Why haven’t we discovered co-orbital exoplane

Trojan-Planet-Figure-SETI-Institute-1200px

image: The final orbits of the Trojan planet in a rotating reference frame where the primary star and the secondary planet are both fixed, at the left and right X, respectively. The plus sign marks the equilateral Lagrange point L4. Beginning after 600,100 orbits of the secondary around the primary, the Trojan is already in a banana-shaped orbit. At about 602,996 orbits, the Trojan escapes that oscillation and assumes an eccentric orbit closer to the primary star. Only about three orbits later, it has a close encounter with the secondary planet, and the simulation stops.
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Credit: SETI Institute

So far, we haven’t discovered any exoplanets with co-orbital objects. A new study suggests tides could be causing oscillations that remove co-orbitals before we can find them.

May 26, 2022, Mountain View, CA – In our solar system, there are several thousand examples of co-orbital objects: bodies that share the same orbit around the Sun or a planet. The Trojan asteroids are such an example. We have not yet observed any similar co-orbitals in extrasolar systems, despite discovering more than 5,000 exoplanets. In a new study published in Icarus by Anthony Dobrovolskis, SETI Institute and Jack Lissauer, NASA Ames Research Center, the authors theorize that some Trojan exoplanets form, but the ones that are large and on short-period orbits (and thus relatively easy to detect) are typically forced out of shared orbit by tides. They collide with either their star or their giant planet when that happens.

“If or when Trojan exoplanets are discovered, this work may help to reveal some properties of their internal structures,’ said Dobrovolskis, research scientist at the SETI Institute.

Here on Earth, friction caused by tides causes Earth’s rotation to slow down, resulting in our Moon moving away from Earth. Generalizing the theory of tidal friction to systems with more than two bodies, the authors apply the theory to systems that include a star, a giant planet, and an Earth-like planet oscillating around a giant planet’s L4 or L5 or the giant planet’s equilateral point .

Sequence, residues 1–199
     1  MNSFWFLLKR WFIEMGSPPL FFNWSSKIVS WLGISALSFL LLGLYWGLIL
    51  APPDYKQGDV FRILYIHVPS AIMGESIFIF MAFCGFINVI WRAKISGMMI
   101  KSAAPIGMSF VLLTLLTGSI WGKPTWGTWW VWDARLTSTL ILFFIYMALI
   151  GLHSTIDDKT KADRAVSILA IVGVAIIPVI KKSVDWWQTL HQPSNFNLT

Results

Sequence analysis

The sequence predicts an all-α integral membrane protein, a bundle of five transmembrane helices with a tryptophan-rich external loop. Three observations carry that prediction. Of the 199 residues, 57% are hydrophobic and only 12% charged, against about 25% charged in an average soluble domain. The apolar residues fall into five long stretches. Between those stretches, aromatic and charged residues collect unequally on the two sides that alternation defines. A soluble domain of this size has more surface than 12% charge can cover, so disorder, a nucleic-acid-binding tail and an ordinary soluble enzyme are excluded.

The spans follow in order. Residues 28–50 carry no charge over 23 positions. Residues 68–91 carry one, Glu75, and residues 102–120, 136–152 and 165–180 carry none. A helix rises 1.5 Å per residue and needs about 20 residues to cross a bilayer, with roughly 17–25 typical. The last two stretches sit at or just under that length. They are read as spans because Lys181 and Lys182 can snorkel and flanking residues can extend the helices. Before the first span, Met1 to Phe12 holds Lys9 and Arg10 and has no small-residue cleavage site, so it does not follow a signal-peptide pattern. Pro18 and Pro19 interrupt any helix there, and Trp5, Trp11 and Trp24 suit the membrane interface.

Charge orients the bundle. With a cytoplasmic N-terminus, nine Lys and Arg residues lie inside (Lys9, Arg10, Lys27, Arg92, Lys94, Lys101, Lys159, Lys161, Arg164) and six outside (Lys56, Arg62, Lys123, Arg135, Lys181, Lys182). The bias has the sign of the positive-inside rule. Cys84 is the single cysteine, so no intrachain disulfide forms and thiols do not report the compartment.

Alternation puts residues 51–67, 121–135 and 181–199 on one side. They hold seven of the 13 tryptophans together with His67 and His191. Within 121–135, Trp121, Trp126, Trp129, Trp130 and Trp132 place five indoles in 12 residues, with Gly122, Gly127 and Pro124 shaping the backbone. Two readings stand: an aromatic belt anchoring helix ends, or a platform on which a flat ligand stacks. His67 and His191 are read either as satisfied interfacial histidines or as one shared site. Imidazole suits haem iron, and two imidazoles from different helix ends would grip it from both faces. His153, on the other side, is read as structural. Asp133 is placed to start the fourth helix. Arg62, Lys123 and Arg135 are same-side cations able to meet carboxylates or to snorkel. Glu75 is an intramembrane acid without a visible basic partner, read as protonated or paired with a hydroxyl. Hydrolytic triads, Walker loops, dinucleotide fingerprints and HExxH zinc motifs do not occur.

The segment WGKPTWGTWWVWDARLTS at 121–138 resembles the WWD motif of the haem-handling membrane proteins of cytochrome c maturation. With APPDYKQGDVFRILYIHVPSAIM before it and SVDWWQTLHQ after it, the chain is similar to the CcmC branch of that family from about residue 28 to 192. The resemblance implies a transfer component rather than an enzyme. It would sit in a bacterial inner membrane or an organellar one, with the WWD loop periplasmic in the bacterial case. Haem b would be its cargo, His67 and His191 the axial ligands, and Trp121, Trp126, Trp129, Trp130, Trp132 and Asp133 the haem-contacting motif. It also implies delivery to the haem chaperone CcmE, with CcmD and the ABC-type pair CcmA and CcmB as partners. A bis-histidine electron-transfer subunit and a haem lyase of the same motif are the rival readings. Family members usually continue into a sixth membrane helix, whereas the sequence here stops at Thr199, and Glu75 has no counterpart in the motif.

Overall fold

Based on their analysis, the tides raised by the star and the giant planet on the Earth-like planet caused its oscillations to grow until they became unstable. They did numerical simulations that show the Trojan’s oscillations change from oval-shaped to banana-shaped and ultimately break out of the shared orbit, colliding with either the star or the giant planet.

The findings are consistent with previously published results from 2013 by Rodriguez et al., and in 2021 by Couturier et al. This suggests that tides are removing co-orbital exoplanets before we can observe them. If that’s the case, we may yet discover co-orbital exoplanets. It’s also possible that NASA’s Lucy mission to the Trojan asteroids, which launched last October, may provide additional clues about the role of tides in co-orbital systems.

The paper is currently in press; the abstract is available here.

Support for this work was provided by NASA’s PSD ISFM program.

About the SETI Institute

Founded in 1984, the SETI Institute is a non-profit, multi-disciplinary research and education organization whose mission is to lead humanity’s quest to understand the origins and prevalence of life and intelligence in the universe and share that knowledge with the world. Our research encompasses the physical and biological sciences and leverages data analytics, machine learning, and advanced signal detection technologies. The SETI Institute is a distinguished research partner for industry, academia, and government agencies, including NASA and the National Science Foundation.

Contact information

Rebecca McDonald

Director of Communications

SETI Institute

mcdonald@seti.org


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